School district outlines steps for complaints
November 4, 2009
By Laura Geggel
Fall City parent Steve Marquis had a bone to pick with the Snoqualmie Valley School Board about the district’s controversial issues policy at the Oct. 22 meeting.
“I think your policies that you put out have got to most ears, with the exception of one teacher who abused their students last quarter,” Marquis said.
Marquis said he had heard from a Mount Si student that a teacher had “forced the entire class to read ‘gay’ poetry.”
He asked the school board to do two things — a better job enforcing the district’s controversial-issues policy and that the high school develop a system in which students could anonymously submit comments about issues of concern.
The student was “very concerned and said this is going on, but (said), ‘we’re afraid to talk about it. We’re afraid to go to the principal’,” Marquis said. “There’s no place to go to that they feel comfortable without feeling some personal repercussions might come their way.”
Snoqualmie Valley School District Superintendent Joel Aune followed up with Marquis after the meeting. As it turned out, the incident Marquis had spoken about happened in April, just before the Day of Silence.
A teacher at Mount Si High School had taught a unit in a different sequence. Normally, the lesson was taught in the fall instead of in April. After the lesson, a student notified Mount Si Principal Randy Taylor, who addressed the issue with the teacher.
“The high school administration had become aware of that situation and it was addressed and dealt with,” Aune said. “We’ve since moved on.”
How to express school-related concerns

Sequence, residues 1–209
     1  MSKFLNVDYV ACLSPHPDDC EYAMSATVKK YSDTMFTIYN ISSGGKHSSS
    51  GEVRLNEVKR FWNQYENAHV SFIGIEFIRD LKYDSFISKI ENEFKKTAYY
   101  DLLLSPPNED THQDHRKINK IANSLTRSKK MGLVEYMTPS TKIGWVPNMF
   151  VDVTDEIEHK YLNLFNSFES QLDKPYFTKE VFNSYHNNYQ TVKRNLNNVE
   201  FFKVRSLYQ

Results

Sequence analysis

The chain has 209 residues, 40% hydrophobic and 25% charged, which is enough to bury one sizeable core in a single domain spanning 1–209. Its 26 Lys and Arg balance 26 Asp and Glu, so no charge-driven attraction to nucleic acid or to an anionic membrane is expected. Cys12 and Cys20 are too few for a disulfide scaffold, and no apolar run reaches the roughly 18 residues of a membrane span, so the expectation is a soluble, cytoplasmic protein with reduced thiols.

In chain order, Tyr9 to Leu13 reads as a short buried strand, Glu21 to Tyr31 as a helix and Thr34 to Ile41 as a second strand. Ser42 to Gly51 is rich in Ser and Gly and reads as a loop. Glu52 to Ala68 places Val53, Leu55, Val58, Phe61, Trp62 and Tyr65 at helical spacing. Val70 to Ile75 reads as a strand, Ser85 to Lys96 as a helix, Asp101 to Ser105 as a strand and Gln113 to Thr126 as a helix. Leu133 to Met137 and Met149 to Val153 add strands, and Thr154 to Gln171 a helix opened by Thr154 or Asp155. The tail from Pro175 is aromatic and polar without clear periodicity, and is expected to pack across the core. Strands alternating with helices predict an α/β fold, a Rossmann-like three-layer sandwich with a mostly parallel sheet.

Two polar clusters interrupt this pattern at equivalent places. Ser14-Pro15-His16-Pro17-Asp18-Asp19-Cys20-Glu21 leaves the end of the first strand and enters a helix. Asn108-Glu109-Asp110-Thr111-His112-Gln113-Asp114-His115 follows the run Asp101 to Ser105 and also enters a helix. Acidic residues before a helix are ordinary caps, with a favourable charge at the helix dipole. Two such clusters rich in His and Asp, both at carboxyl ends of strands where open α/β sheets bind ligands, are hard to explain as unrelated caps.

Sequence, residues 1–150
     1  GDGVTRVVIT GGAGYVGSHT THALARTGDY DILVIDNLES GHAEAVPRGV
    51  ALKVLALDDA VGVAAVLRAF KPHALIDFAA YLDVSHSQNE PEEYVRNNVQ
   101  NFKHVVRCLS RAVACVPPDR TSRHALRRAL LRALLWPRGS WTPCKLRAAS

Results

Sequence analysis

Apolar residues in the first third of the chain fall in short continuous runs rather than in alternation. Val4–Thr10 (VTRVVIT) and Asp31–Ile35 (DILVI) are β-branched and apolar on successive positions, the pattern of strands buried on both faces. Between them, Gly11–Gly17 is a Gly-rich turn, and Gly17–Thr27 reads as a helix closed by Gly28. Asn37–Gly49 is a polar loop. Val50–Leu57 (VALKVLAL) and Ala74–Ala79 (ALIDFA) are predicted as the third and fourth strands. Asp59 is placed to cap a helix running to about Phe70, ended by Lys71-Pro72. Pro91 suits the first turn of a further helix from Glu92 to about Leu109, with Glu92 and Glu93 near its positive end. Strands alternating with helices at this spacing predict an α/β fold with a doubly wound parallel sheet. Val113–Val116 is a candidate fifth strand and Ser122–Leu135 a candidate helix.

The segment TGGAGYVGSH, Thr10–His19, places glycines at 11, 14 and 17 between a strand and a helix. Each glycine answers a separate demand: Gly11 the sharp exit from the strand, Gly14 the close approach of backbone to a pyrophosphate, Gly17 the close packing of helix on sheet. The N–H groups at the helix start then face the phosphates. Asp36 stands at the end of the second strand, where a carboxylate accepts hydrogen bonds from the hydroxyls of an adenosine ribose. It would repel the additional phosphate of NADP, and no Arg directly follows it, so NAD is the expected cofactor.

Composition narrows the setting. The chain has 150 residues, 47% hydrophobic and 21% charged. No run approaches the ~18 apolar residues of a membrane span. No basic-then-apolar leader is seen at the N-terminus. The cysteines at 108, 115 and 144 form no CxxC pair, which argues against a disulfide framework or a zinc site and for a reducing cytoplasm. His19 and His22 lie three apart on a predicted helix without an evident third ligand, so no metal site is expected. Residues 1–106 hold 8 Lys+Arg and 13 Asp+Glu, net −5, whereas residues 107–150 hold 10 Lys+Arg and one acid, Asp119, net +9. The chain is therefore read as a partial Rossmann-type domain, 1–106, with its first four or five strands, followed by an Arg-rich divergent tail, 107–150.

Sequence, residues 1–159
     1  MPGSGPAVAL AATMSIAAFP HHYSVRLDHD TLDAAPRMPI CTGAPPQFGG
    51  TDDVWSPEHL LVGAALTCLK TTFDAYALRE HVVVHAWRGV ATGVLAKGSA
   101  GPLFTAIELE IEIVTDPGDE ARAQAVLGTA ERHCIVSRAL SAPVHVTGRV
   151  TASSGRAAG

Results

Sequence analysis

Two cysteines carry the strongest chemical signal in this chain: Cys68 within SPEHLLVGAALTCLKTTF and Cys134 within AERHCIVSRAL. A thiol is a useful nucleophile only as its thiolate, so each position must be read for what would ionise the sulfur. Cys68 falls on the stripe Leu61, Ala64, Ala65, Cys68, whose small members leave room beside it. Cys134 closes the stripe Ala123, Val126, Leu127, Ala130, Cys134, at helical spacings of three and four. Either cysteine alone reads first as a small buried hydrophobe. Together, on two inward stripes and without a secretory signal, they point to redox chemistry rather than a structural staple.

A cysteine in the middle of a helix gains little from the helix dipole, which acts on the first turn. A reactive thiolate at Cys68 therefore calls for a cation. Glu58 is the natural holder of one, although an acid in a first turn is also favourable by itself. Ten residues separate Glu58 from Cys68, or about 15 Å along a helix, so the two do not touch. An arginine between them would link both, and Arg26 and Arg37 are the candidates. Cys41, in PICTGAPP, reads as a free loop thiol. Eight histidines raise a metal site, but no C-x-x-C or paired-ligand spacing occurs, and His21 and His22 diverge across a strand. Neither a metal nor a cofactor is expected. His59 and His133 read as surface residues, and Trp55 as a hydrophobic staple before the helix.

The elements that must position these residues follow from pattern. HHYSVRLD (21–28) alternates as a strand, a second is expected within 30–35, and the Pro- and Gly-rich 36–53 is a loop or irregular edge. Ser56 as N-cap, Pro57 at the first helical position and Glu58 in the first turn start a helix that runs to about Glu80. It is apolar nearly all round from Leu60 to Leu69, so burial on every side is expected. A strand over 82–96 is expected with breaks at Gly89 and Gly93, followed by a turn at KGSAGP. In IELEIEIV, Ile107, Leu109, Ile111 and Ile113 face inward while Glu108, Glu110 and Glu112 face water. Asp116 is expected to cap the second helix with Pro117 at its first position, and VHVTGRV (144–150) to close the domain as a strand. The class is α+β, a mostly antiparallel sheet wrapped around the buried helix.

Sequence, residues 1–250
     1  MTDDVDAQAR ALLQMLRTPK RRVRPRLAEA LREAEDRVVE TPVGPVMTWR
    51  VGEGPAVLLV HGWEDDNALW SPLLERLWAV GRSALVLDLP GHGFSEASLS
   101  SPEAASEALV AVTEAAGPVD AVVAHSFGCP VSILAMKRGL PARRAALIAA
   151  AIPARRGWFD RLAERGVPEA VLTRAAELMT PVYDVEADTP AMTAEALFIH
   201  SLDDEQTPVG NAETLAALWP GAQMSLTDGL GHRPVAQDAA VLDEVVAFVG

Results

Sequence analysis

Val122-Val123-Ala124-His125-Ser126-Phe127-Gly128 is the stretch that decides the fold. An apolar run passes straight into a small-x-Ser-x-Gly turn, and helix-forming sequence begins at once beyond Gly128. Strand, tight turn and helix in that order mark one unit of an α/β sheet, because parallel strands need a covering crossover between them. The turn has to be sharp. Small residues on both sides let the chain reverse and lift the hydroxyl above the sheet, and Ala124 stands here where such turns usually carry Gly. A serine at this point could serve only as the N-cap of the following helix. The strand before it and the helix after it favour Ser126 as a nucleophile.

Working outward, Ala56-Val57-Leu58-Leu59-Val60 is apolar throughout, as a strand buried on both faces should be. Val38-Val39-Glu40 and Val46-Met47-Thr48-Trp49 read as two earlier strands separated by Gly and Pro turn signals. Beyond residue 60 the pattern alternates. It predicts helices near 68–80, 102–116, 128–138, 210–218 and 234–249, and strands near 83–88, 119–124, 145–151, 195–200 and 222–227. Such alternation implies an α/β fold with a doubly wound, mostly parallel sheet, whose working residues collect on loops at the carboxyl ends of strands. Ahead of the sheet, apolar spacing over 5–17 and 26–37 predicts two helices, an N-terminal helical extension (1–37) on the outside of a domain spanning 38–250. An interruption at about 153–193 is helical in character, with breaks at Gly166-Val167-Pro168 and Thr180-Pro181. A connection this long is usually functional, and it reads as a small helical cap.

All Snoqualmie Valley School Board meetings allow time for public comment, although the board reserves the right to make some topics off limits, as it did during the weeks preceding the Day of Silence.
If community members have a concern, Aune said he encourages them to first start with the source instead of coming directly to school board meetings, unless their concern is with board policy itself.
“We encourage individuals to work through the basic protocol in terms of starting at the source and trying to get your concern addressed or your question answered at that level,” Aune said. “If that doesn’t work, we certainly encourage people to go to the next level.”
“I encourage parents that if they just don’t feel right about it, go ask the question,” Taylor said. “Nine times out of 10, there’s another source of additional information that may allay their concern because now you see the bigger picture and now there’s more information that may diffuse the initial alarm.”
Taylor recommended parents use e-mail, which teachers usually respond to faster than voicemail. If the teacher does not respond or does not adequately address the issue, he said, people should contact him.
Sometimes, students and parents send Taylor anonymous messages.
“They can talk to me directly, they can send me an e-mail or drop it at my office door, anonymously or in person,” he said.
At the beginning of the year, Taylor visits classrooms and tells students they can contact him about any concern they have.
Mount Si does not have an anonymous comment box because such boxes usually attract everything “from threats to obscene notes to notes detailing serious issues,” Taylor said. If a student wants to remain anonymous, Taylor asked that they send him a note giving him enough information to investigate the issue.
If parents are unsatisfied with the school’s response, they can contact Aune, any of the district administrators or the school board.
“Fortunately, a high percentage of the time, if not always, issues and concerns can be resolved at those levels before they can even rise to the level of the school board,” Aune said.
Laura Geggel: 392-6434 ext. 221 or email@example.com.